The gnome advanced upon her. “I want that one.”
Clara retreated. “I left a hoard of diamonds in my wake. Are you not satisfied?”
“So you’d hope to buy my mercy? I thought so.”
“I had hoped to make a bargain.” She glanced around, as she took off her gloves. There were no rose bushes in the area, but there were many wildflowers.
“No,” the gnome said. “I want that one. Give it to me.”
Clara fixed her gaze upon her enemy’s eyes. She knelt down as he approached her. “Give me my sister in return.”
The gnome gave no response, but watched as Clara removed the diamond rose and held out her hand. When he reached for the rose, she wrapped her hands tightly around his. The brooch’s pin pierced her palm, and her blood dripped upon the earth.
The gnome sneered at her. “If only you loved me. You could have killed me with a touch long ago. But could you love a gnome, my beauty?”
“You’re not a gnome. Not a gnome at all,” Clara said.
He tugged at her hand.
Clara smiled. And it was not a smile of triumph, but one of hope, blooming in her a heart like a flower, like a rose, a red rose.
“I take upon me your curse,” she said.
When first Clara met her enemy, he had appeared like a lizard. Rose and Clara had called him a dragon protecting his hoard. When next they saw him, he was a gnome. But he was never a lizard. And he was never a gnome.
Clara only saw her enemy’s true form now, as the form of the gnome grew taller and leaner. He was a man. The man she had seen in the mirror.
He collapsed to his knees. “What have you done?” he cried. He held his palms to his face.
Clara rose and stumbled back. She feared her enemy still. She did not believe he was defeated. But in the moment, something else was attacking her, biting and scratching, clawing at her hands. She held out her hands and gaped at them. Her right hand was bloody with the wound from the pin. But there were no other wounds. No bites. No scratches.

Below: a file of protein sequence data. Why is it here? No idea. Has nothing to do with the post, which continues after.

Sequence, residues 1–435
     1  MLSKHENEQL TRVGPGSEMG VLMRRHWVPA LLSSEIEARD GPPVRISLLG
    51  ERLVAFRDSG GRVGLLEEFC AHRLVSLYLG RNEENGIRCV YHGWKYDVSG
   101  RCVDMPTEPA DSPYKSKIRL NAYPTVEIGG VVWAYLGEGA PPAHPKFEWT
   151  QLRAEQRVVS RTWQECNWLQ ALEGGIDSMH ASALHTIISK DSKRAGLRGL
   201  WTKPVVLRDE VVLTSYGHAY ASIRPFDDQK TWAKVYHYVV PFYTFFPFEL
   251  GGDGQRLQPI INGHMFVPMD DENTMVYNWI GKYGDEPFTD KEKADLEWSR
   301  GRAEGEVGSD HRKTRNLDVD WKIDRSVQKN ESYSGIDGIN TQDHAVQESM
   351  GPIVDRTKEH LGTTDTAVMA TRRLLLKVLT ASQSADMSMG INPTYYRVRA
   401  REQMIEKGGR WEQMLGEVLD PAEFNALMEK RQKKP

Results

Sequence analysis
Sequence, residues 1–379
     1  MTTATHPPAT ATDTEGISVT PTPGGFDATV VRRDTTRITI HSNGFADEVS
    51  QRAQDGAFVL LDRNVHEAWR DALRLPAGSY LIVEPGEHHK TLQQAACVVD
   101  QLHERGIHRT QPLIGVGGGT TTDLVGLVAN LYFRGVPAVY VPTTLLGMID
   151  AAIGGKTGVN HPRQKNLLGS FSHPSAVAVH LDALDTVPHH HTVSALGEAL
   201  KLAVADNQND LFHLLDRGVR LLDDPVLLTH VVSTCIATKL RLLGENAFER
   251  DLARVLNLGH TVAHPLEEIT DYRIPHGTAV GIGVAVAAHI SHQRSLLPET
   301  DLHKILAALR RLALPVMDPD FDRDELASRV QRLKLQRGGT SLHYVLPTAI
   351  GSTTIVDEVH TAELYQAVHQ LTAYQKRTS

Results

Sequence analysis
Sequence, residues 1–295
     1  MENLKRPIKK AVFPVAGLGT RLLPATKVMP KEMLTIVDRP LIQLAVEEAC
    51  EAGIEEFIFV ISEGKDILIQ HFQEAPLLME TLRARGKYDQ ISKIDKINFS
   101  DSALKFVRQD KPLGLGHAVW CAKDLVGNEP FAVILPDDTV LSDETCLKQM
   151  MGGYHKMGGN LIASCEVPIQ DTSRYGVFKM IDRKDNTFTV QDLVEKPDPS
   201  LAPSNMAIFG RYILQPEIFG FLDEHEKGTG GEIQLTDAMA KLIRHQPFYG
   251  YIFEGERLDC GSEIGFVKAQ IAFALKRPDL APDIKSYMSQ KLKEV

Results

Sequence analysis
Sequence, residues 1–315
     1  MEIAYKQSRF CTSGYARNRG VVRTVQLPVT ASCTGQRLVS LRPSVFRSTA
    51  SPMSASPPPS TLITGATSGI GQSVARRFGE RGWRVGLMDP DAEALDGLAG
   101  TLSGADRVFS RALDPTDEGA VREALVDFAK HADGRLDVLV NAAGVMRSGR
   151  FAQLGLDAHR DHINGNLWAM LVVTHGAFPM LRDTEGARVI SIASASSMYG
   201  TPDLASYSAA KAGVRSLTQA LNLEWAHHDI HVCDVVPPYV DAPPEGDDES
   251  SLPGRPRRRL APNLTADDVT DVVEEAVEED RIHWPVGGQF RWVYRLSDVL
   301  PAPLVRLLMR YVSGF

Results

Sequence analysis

She felt a cracking and constricting in her heart. She clutched her chest.
In her mind’s eye, she saw before her a great hoard of treasure. Towers of gold coins, endless strands of pearls, and mountains of jewels, and it was all hers.
All inherited with the curse she had claimed.
Clara had always dreamed of having great treasures, so that she could lavish that wealth upon those who needed it most. She always thought she would share riches when she had it, not hoard it as she had seen so many people do, and yet…
When she cast her mind’s eyes upon the treasures that her enemy had stolen and hidden away, when she tried to decide which gold chain she might give away, which exquisite bracelet of rubies she would not miss, she found they were all her favorite. She could not bear to part with the smallest mote of diamond dust.
But she had the power now to amass more fortune. She could keep all that she had and just obtain more for the giving away. It would be easy to do so now. Easier than making diamonds. She could just take whatever she desired.
Clara groaned. For she understood. When she had taken her enemy’s curse, she had taken his power. She could pretend, like her enemy had, that she could hold that power. But it was wild and ferocious. Biting and thrashing.
Clara tried to release it. But she could not.
I must choose, she thought. She remembered again her dearest ones. Her sister, her husband, her mother.